The study of microquasars represents one of the most important additions to the recently born field of VHE gamma-ray astrophysics. VHE gamma-rays are a kind of radiation which is produced in the most violent phenomena of our Universe, like e.g. supernova explosions or quasars. They can reach the Earth, albeit at a very low rate (typically less than one gamma-ray per square meter and per week). MAGIC detects gamma-rays through the short light flashes that they produce as they enter the atmosphere. MAGIC is the largest telescope exploiting this experimental technique, with a 17 m diameter mirror. It is located at the observatory Roque de los Muchachos on the Canary Island of La Palma (Spain). The MAGIC team is composed of more than 130 scientists coming from 9 countries, namely: Spain, Germany, Italy, Switzerland, Poland, Armenia, Finland, Bulgaria and USA.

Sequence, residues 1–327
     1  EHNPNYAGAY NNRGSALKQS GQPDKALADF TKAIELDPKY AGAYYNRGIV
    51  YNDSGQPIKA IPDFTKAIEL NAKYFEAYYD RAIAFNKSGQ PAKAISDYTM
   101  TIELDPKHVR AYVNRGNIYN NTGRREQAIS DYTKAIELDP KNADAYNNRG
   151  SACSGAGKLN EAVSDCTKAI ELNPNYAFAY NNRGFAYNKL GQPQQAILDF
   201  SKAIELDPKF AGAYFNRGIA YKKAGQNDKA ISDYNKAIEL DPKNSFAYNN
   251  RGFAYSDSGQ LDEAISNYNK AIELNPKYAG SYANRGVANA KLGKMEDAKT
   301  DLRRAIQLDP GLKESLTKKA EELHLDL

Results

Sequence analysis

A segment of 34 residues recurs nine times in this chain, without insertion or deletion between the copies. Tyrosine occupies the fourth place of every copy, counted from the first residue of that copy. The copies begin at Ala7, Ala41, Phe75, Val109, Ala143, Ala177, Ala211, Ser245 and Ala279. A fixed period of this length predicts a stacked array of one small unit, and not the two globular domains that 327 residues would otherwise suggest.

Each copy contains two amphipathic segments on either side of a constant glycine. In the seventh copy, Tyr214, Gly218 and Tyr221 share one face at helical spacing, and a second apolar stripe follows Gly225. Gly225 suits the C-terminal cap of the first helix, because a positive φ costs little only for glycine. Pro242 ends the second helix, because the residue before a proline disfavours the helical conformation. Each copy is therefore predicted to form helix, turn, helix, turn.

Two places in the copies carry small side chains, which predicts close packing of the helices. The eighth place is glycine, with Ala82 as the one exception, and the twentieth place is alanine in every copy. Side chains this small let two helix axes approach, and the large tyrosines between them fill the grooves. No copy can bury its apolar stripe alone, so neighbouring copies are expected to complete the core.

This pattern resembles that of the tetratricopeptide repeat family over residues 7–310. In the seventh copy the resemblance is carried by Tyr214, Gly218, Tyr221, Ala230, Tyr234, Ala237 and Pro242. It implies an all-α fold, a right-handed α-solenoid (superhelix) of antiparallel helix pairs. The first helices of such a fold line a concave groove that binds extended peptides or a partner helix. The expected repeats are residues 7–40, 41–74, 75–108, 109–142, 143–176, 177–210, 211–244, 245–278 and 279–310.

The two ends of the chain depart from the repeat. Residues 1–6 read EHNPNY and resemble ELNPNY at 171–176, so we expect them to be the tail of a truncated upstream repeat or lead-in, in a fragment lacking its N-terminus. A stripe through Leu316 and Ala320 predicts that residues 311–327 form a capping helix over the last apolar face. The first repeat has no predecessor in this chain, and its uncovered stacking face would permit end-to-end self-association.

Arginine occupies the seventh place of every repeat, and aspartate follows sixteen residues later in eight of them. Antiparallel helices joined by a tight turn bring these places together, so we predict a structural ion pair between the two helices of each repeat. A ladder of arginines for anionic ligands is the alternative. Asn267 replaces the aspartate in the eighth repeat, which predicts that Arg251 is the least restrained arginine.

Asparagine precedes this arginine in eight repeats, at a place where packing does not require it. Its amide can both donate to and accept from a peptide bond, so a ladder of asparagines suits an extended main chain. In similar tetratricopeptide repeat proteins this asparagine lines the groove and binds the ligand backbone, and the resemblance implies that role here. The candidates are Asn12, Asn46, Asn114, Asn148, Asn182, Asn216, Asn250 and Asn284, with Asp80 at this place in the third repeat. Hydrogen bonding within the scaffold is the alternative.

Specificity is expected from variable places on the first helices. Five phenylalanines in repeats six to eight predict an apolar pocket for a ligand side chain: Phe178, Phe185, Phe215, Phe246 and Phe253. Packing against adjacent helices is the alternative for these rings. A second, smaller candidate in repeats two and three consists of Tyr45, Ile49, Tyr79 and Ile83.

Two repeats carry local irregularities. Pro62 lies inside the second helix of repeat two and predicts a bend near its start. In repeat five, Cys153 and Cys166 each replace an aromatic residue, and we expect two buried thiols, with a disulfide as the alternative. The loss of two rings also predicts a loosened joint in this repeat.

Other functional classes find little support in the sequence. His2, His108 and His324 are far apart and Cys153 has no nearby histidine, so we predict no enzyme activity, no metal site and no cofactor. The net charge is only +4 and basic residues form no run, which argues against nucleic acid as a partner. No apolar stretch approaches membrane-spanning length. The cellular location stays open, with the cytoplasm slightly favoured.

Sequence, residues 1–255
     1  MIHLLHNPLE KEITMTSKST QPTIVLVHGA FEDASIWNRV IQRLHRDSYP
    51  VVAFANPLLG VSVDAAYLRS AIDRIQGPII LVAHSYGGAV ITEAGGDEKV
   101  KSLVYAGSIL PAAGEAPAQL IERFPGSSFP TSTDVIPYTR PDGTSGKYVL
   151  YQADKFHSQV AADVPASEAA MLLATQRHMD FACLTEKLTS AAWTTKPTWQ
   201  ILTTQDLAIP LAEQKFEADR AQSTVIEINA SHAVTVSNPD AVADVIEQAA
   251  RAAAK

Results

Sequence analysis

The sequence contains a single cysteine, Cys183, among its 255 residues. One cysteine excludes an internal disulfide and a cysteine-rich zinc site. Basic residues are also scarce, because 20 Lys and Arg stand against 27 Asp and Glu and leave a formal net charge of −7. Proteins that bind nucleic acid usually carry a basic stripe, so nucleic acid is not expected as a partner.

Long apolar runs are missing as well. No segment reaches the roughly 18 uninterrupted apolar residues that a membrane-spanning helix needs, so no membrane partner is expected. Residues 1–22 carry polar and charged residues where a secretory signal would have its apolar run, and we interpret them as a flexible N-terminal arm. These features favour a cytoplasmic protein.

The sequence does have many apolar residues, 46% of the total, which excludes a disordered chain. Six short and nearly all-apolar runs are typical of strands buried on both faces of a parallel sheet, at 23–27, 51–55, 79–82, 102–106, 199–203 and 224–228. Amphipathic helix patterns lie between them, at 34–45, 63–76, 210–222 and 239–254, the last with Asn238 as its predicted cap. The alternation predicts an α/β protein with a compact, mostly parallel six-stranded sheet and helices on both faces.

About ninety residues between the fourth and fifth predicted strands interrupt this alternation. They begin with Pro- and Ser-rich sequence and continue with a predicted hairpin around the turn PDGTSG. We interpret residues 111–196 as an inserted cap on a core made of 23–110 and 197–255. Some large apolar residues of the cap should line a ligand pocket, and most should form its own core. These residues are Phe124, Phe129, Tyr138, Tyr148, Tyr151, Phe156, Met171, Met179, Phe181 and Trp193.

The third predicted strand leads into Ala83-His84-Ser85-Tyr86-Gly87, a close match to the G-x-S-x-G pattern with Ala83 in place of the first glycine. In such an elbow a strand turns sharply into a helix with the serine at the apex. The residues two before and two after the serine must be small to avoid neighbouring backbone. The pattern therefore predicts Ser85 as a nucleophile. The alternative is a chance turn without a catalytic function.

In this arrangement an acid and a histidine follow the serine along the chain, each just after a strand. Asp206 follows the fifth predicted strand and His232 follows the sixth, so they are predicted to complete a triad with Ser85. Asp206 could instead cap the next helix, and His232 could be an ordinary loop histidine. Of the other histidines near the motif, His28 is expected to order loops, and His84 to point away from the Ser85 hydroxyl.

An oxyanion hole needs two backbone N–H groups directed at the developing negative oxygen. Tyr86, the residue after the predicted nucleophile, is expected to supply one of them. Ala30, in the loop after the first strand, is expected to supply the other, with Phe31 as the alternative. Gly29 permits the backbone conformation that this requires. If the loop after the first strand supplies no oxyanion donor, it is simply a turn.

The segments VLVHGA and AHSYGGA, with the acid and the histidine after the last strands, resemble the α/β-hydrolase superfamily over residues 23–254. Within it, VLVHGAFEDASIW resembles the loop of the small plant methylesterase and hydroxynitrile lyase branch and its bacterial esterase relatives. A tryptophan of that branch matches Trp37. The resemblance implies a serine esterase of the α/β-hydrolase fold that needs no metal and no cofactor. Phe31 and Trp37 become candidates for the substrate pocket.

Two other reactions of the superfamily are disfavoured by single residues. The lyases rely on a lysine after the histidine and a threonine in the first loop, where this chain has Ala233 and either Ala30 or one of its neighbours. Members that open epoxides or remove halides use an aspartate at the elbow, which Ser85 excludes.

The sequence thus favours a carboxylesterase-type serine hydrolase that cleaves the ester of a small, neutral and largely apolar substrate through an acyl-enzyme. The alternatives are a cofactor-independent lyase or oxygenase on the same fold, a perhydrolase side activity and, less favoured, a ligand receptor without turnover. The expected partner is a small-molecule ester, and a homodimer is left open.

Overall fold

MAGIC has observed, between October 2005 and March 2006, one of the approximately 20 known microquasars, called LS I +61 303. VHE gamma-rays coming from LS I +61 303 have been detected at an approximate rate of one gamma-ray per square meter and per month. Only one other binary star system (LS 5039) is known to emit VHE gamma-rays. This new discovery points to the fact that gamma-ray production could be a common property of microquasars. The results of the MAGIC team have revealed a very interesting property: the intensity of the gamma-ray emission coming from LS I +61 303 varies with time (see Fig. 2). The binary system was observed at different 2 moments along the orbital cycle of the compact object around the massive star. The time scale of variability was similar to the orbital period, showing that the VHE emission is directly related to the interplay between the two stars of the system. Furthermore, some theorists expected the gamma-ray emission to happen when the two stars are closest to one another (i.e. at periastron passage, Fig. 2a) since it is at this moment when the particles accelerated in the jet find the largest density of potential targets to produce the gammarays. However, a relatively strong gamma-ray flux was observed only when the compact object had completed about one third of the whole orbital cycle (Fig 2b). Future observations of LS I +61 303 with MAGIC, together with theoretical interpretation of the present results will help elucidate the mechanisms of gamma-ray production and absorption in microquasars and in objects displaying relativistic jets in general.